In the here and now, I spared a glance at the facade and headed to the Piazza della Signoria. The building is just as impressive as I remembered, but the piazza is much smaller. On this day, a stage was being set up for a festival or event. In its raw state, it could also be a scaffold.
I really like the famous Loggia dei Lanzi, a copy of which is in Munich at Odeonsplatz, as well as the replica of Palazzo Pitti aka the Residenz in the same place.
Nevertheless, I could not get the images out of my head as reckless Ezio climbed the top of the tower of the Signoria and threw himself down to land in a hay cart. In general, I noticed that the sightseeing in Assassin’s Creed II is mainly done from the rooftops, which allows for some very exciting perspectives in the game, but a few new ones in reality.
The beautiful, bright white Duomo of Florence is the setting for some key scenes from the game. First, there is an attempted assassination of Lorenzo de Medici, which our hero has to prevent, and second, there is a climbing sequence inside the Duomo, which is much less opulently furnished and smaller in the game than in real life. So it’s worth waiting in line. Definitely!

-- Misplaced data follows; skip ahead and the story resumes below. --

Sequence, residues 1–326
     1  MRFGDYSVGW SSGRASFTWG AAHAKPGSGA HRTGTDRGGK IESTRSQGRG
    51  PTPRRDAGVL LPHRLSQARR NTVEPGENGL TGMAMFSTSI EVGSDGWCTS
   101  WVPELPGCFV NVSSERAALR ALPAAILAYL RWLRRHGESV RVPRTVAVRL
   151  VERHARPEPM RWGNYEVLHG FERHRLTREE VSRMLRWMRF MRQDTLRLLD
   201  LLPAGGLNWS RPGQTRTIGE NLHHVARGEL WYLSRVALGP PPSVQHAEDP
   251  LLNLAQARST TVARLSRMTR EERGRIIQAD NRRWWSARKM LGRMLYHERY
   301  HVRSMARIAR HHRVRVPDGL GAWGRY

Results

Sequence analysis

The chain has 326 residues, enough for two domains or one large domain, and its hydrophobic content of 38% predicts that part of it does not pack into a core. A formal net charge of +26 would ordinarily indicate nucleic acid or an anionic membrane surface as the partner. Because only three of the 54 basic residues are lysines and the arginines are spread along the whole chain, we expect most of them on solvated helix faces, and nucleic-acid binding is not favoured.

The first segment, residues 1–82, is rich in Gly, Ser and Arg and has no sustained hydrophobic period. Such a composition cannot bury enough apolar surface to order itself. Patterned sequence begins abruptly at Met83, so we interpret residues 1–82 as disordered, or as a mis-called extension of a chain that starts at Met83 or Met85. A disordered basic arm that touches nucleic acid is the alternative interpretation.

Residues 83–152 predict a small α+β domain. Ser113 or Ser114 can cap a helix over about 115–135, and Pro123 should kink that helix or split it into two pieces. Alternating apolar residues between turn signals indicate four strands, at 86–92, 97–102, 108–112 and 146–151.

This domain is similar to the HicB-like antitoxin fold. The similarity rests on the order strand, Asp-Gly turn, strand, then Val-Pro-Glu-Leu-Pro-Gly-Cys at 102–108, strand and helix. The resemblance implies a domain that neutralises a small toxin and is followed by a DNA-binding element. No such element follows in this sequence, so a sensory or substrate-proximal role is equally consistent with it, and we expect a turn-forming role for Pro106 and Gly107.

After the cathedral, I visited San Lorenzo and was pleased to see that the orange trees in the courtyard are still standing. On the way back to the bus stop, I followed the tip from my guidebook, falling completely out of the assassin role, and made a detour to Campo Santo Spirito in the Oltrarno district. Instead of drinking a spritz on one of the small terraces, I opted to sit with the people on the steps in front of the church and watch the hustle and bustle in the square from there.